Red Herring (2023)

April 29th, 2024
Author: Meredith Taylor

Dir: Kit Vincent | UK Doc 94′

Childhood seemed like an endless journey of discovery for filmmaker Kit Vincent until he was diagnosed with cancer and given four to eight years to live at the tender age of 24.

Terrible news, so much so that his father collapsed with a heart attack – quite literally. And in his debut feature Red Herring it rapidly becomes clear that Kit’s devastating condition affects his close family just as much as himself. And so the film takes over, their daily lives together becoming the main focus – rather than the concer.

But not everyone is as keen as Kit in being part of the film and not least his girlfriend Isobel, the two will embark on fertility treatment and she naturally wants these conversations to remain private, unlike kit whose way of coping is to share everything including his seizures and key parts of his treatment. Kit’s father Lawrence, a professor and former college principal, is certainly a strong character and draws on his recent conversion to the Jewish faith for guidance, and this leads to some fascinating philosophical chats with his son. Kit’s mother, a healthcare worker, finds a way of dealing with the personal rather than professional trauma by immersing herself in raising a brood of chickens.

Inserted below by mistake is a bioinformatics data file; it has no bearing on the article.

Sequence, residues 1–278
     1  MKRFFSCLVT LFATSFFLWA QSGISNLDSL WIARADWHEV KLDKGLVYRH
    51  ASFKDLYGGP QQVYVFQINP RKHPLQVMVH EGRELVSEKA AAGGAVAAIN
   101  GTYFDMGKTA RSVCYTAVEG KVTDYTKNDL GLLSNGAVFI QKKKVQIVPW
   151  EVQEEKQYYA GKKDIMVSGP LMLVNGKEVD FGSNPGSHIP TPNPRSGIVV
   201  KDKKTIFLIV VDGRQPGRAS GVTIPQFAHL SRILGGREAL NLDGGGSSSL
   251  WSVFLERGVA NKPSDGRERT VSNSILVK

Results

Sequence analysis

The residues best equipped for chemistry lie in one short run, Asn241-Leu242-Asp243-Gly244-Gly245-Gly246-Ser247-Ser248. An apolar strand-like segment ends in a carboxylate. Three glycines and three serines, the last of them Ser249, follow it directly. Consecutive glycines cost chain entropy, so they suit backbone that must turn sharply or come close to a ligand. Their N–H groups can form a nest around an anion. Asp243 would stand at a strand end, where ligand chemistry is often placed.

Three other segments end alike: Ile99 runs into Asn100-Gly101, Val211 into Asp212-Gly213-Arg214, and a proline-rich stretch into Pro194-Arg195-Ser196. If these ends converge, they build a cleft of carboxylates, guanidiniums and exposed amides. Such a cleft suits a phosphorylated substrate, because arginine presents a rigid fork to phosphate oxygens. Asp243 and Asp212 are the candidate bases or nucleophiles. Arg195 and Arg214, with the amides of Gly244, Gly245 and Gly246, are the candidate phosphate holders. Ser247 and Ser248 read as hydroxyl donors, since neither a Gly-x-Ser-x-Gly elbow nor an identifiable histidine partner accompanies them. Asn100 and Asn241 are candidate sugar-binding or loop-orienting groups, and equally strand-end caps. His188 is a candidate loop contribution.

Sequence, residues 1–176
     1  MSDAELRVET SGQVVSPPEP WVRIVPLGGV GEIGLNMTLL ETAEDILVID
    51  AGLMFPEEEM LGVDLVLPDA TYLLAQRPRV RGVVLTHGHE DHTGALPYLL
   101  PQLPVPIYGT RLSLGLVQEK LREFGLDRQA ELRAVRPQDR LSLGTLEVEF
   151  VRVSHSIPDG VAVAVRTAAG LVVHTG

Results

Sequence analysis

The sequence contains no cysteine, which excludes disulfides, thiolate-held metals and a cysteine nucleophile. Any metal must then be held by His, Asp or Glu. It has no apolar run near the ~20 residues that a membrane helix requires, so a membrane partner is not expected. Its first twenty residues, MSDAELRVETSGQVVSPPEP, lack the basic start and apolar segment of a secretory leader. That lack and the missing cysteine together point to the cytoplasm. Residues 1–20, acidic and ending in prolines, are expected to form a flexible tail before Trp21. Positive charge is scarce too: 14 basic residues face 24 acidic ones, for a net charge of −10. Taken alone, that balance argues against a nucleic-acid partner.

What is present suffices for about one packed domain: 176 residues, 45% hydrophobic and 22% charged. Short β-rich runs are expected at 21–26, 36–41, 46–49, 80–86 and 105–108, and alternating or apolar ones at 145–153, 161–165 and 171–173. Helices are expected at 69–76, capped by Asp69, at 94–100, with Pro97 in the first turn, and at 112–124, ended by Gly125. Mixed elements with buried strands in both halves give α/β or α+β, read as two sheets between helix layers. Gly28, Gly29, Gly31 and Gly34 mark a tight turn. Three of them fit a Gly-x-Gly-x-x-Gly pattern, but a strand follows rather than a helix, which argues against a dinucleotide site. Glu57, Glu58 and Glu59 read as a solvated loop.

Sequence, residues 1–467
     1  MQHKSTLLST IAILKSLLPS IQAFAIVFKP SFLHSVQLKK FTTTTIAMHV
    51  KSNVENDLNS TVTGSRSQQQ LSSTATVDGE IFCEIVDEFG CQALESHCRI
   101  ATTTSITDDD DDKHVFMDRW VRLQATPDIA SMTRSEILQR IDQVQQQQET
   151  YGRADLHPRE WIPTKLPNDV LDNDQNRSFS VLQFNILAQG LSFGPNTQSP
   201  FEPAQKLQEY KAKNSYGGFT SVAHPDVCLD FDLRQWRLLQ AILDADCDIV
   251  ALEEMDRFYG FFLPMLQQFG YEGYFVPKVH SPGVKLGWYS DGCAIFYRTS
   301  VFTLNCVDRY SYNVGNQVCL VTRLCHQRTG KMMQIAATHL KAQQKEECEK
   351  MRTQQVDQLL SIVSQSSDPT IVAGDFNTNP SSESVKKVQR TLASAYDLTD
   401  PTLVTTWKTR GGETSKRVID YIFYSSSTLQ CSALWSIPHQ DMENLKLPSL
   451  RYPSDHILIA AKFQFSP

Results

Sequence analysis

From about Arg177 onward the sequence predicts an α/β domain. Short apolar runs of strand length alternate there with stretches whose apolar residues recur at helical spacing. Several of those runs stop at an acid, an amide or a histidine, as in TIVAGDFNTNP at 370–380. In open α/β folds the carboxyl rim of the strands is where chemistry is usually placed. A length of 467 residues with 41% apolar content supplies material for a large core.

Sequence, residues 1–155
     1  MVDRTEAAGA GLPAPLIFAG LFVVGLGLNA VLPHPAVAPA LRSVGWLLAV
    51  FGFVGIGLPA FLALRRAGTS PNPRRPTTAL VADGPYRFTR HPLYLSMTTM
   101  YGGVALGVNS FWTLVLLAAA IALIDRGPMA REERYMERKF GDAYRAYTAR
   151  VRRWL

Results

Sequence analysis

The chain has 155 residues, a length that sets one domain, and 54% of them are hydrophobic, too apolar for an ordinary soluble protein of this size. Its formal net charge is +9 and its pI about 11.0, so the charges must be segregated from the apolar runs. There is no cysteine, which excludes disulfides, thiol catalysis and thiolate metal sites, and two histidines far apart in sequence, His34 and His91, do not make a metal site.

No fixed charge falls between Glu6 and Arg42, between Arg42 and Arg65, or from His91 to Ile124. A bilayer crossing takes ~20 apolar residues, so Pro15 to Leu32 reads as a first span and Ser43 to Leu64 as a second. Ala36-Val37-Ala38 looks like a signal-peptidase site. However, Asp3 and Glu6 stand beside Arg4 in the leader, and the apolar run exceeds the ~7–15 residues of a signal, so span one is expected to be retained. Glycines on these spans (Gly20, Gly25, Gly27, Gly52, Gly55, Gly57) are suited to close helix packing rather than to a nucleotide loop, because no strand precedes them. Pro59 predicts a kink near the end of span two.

Conversations with his family often bring up difficult episodes in Kit’s childhood and provide a beneficial therapy for dealing with the past. In this way they all thrash out their feelings and these scenes give Red Herring a positive often moving spin in contrast to the darker moments. Well-paced at 94 minutes, the director never loses sight of the film’s cinematic quality.

Kit is adamant about not wanting to make a depressing film about impending death and he certainly succeeds. Red Herring is first and foremost about a family fronting up to an uncertain future and the transformative dynamics that come into play as each member reacts to changing circumstances in their own personal way.  And for that it’s a watchable and uplifting triumph. @MeredithTaylor





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